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number. but i've seen less responsiveness, i have to say, among economists. i think you have ira on in the 6:00 hour who says the adp has been the biggest volume generator. >> volume generator. he says the program is set up so they move on the headline. >> i'm going to show you a chart in a second. >> over time, it's right. >> right. and the instinct you guys have been talking about is it's been worse the last three months and we'll ask -- >> it was good for a couple of months. >> the average of the last three months. and i compare it to the private sector bls numbers. >> what is that estimate? >> the private sector is at 120, i think it is. 130. >> what's this nonfarm? >> the crazy thing is that when the unemployment numbers are reported on friday, the most important number will be the unemployment number. because that's what the politicians are going to talk about. and that number is going to be completely random based on participation. >> and it's incredibly volatile number, as well.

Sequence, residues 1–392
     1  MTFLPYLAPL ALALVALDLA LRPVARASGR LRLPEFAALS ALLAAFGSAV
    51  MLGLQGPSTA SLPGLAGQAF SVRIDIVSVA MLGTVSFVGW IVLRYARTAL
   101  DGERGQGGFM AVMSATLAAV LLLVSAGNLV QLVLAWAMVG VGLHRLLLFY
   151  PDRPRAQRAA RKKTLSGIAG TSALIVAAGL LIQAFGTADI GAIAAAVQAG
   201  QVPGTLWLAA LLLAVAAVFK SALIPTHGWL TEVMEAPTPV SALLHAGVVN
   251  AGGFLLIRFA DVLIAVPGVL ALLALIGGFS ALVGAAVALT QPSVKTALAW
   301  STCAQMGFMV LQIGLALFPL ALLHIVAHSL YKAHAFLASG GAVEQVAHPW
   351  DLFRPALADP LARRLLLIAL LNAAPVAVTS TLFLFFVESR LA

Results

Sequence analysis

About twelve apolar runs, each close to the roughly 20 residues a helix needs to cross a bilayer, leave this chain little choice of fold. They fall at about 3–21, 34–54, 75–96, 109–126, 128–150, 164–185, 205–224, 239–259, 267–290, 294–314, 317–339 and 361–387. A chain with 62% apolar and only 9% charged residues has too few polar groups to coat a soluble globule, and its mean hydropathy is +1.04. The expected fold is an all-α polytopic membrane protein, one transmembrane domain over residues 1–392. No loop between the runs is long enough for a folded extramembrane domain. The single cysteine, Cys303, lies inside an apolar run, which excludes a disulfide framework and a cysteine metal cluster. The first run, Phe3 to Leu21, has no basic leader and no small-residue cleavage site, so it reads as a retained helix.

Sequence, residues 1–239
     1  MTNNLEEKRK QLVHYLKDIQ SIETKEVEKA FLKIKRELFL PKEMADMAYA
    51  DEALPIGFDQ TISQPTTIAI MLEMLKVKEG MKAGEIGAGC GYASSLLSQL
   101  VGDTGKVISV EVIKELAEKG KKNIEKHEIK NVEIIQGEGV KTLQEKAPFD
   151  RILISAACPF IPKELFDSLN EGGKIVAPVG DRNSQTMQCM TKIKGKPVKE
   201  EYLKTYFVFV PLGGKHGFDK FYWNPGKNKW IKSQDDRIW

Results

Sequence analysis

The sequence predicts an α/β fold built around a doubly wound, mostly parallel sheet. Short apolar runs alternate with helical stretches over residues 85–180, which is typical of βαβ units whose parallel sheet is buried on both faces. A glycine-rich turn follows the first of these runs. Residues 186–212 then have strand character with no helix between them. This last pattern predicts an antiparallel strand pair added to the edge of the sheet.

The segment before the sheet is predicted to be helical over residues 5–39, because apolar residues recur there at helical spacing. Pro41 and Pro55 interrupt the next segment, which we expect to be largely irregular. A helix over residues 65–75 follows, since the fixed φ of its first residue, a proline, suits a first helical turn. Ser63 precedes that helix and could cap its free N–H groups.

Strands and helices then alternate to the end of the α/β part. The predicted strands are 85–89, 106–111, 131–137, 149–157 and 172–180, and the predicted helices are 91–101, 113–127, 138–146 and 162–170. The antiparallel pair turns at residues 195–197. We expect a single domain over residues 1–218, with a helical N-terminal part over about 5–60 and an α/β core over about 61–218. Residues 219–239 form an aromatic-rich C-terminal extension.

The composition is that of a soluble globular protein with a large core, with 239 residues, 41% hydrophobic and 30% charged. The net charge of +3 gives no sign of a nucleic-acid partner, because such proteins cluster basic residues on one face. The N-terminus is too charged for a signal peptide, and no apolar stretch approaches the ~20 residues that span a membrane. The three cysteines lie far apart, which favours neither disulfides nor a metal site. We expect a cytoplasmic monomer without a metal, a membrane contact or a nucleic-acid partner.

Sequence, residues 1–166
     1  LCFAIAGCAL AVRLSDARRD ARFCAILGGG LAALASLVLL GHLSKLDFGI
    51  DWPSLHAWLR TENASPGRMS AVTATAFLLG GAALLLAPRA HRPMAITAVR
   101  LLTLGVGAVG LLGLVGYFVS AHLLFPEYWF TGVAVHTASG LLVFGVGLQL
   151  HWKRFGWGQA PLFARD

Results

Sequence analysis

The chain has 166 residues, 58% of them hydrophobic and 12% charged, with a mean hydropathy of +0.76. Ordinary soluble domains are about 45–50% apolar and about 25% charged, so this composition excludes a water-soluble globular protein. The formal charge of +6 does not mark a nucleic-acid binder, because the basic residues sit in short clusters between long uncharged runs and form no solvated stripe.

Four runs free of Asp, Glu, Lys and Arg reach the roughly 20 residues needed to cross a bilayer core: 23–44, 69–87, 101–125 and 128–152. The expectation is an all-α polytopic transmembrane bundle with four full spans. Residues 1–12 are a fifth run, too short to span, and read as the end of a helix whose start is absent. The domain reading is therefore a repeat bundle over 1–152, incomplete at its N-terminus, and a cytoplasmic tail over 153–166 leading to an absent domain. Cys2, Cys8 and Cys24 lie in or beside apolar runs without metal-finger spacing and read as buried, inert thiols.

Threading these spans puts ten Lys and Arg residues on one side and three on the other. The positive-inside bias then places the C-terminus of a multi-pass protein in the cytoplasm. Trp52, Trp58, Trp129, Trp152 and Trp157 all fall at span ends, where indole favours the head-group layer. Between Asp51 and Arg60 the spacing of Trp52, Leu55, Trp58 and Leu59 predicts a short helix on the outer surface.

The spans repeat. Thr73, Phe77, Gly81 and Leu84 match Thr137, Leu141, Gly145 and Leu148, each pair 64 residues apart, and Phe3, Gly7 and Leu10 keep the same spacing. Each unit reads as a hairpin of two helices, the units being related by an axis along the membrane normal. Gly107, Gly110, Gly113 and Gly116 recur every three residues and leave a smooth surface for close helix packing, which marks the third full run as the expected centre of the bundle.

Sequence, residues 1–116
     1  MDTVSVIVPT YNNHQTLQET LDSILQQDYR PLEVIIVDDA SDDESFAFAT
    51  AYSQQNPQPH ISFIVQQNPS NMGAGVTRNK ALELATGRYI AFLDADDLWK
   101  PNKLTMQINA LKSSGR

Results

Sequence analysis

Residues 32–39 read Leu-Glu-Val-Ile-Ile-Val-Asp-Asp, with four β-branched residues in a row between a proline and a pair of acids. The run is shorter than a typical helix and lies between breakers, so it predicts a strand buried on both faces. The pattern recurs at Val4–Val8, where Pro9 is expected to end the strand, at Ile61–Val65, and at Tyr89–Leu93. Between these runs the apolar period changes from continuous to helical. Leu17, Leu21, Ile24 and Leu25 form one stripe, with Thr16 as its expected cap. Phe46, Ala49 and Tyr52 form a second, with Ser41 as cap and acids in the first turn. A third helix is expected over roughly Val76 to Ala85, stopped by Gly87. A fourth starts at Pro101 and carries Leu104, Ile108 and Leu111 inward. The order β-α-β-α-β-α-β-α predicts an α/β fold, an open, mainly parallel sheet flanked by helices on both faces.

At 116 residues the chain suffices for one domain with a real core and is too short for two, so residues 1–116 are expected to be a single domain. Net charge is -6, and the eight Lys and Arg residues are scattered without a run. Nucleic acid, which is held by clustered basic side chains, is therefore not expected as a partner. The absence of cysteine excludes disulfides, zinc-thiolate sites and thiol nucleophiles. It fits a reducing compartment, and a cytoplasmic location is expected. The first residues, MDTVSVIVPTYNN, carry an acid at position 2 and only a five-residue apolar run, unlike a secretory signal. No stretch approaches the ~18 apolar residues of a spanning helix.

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let's bring in the chairman of mac macroeconomic advisers. i want to put up this chart, i don't know if you can see it. but over the past three months, you guys have been heavy or above the bls number by 63,000, over six months, 48,000, and as joe suggested, a full year, it's just 21,000 heavy year-to-date and 12,000 over a full year. i just want to know if there's anything happening seasonally here. is there something to be concerned about where you guys have gone a little heavier than the bls numbers? >> true, we have been heavy, nothing unusual going on in either of our collections or the processing of data. but i'm sure your listeners know over the most recent benchmark year, now private non-farm employment grew more than initially reported. until all the data is in, it's hard to know the true picture here, though. but i believe as i have said for the seven years i've been doing this, there's incremental information in this data. it's a unique data set not